Federal Advocacy Update: Week of August 1, 2017
With the House having adjourned and the Senate set to adjourn next week for the summer recess, the next issue of the Federal Advocacy Update will be published on Tuesday, September 12. When Congress reconvenes on September 5, they will face deadlines to pass spending bills to avoid a government shutdown on October 1. It promises to be a busy fall with issues important to cities and towns front and center
In this Issue:
- For City Leaders: Federal Budget and Appropriations Update for FY 2018
- NLC Discusses Future of Work with Rep. Bobby Scott
- AG Sessions Announces Additional Immigration Compliance Requirements for Byrne JAG
- House Committee Passes Brownfields Reauthorization
- NLC Reaffirms Tax Priorities to Senate Finance Committee Chair
- NLC Calls on FCC to Stay Within Authority on Broadband Sitting
- EPA Accepting Public Comments on WOTUS Withdrawal
- FCC Holds Second Meeting of Broadband Deployment Advisory Committee
- NLC Submits Comments on DOE Regulatory Reform
- DOL Releases Request for Information on Overtime Exemption
- U.S. Senate Votes to Narrowly Defeat Health Care Legislation
- Proposed NLC Policy Resolutions and Amendments Due August 31, 2017
- Webinar: Signs and Speech Two Years After Reed
Michael Wallace, 202.626.3025
With the House of Representatives adjourned for the five week August recess, city leaders across the nation are preparing to #FightTheCuts at home by working through the steps of NLC’s August recess action guide.
For Congress, federal funding is typically a two-step process that starts with the Budget and ends with Appropriations. The Budget sets the overall amount of federal funding available to federal agencies, and Appropriations allocates the budgeted funds to specific federal programs within the agencies. The normal deadlines for Congress to meet its obligations are April 15th to finalize the federal budget and September 31st to finalize all 12 annual Appropriations bills. Appropriations bills should reach the President in time for enactment on October 1st, the first day of the fiscal year.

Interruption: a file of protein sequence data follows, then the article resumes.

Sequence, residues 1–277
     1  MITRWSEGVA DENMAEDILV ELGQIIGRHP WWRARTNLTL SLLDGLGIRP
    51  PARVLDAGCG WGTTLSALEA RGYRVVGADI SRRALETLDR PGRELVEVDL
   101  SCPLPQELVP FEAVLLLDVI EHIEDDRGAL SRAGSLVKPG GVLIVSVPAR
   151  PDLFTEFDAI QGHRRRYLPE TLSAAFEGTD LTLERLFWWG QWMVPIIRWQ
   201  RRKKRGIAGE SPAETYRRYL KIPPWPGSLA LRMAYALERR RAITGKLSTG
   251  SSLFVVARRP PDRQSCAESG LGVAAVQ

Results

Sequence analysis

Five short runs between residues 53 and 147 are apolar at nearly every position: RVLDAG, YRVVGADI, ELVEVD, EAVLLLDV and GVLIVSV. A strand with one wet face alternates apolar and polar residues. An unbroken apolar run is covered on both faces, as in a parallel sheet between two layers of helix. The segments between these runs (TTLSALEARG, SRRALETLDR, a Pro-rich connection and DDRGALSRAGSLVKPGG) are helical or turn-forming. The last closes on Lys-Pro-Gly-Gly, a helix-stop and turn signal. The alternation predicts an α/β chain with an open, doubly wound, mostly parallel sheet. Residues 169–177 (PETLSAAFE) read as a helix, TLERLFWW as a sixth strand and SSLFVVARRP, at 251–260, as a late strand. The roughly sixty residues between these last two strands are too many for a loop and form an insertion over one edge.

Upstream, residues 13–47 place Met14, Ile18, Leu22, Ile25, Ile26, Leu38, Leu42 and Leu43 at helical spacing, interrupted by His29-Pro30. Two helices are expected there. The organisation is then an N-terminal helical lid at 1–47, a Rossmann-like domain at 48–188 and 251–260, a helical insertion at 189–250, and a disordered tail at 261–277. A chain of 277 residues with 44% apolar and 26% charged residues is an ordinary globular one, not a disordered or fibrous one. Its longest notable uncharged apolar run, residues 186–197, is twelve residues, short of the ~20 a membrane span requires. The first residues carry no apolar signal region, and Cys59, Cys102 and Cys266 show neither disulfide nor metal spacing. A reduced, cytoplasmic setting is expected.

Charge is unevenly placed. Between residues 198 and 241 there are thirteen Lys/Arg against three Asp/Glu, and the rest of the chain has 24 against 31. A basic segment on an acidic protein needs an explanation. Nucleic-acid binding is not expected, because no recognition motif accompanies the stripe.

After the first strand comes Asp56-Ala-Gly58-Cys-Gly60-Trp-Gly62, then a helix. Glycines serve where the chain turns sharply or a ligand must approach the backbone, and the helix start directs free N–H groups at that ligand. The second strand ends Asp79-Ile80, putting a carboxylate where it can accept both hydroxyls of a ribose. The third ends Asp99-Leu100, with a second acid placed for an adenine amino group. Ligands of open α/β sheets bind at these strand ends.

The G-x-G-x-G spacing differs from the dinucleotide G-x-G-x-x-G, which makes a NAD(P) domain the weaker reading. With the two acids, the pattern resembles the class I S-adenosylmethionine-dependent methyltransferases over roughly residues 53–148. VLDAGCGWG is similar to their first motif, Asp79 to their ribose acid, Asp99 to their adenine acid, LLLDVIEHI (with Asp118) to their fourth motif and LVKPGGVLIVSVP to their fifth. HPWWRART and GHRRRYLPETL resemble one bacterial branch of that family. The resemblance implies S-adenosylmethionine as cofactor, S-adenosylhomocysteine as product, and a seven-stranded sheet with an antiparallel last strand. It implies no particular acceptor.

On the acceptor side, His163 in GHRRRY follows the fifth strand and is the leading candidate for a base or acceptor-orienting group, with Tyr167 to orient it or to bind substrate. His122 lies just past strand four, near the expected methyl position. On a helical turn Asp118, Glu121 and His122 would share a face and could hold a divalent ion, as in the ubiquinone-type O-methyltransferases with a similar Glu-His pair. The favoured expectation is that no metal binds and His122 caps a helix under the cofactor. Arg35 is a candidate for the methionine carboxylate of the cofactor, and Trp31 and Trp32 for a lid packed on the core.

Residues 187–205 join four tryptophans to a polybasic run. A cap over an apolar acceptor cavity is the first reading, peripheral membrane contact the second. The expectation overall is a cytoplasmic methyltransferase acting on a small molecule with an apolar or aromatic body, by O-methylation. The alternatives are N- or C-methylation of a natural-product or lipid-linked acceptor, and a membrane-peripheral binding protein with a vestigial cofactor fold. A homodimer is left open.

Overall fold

This year, Congress is not following the standard procedure outlined above. Rather, Budget and Appropriations are being negotiated at the same time. Neither the House or Senate has approved a federal budget for Fiscal Year 2018. Instead, the House and Senate are working off a different set of assumptions, with the Senate assuming a higher level of overall funding than the House. Negotiations between members of the House and Senate on a common set of budget figures will be ongoing through the August recess.
Four Appropriations bills have been approved by the House, and zero have been approved by the Senate. In the House, the eight remaining appropriations bills have advanced through Committee consideration. In the Senate, six of the twelve appropriations bills have advanced through Committee
When Congress reconvenes in September, they will have one month to complete negotiations on a common budget and approve all twelve spending bills. If consensus cannot be reached by the September 31st deadline, Congress must begin passing Continuing resolutions to keep the federal government funded and operating or the federal government will shut down.
The August recess presents a critical opportunity for city leaders to weigh in on the importance of federal programs like CDBG, so that city priorities remain high priorities for Members of Congress returning to complete work on Budget and Appropriations in September.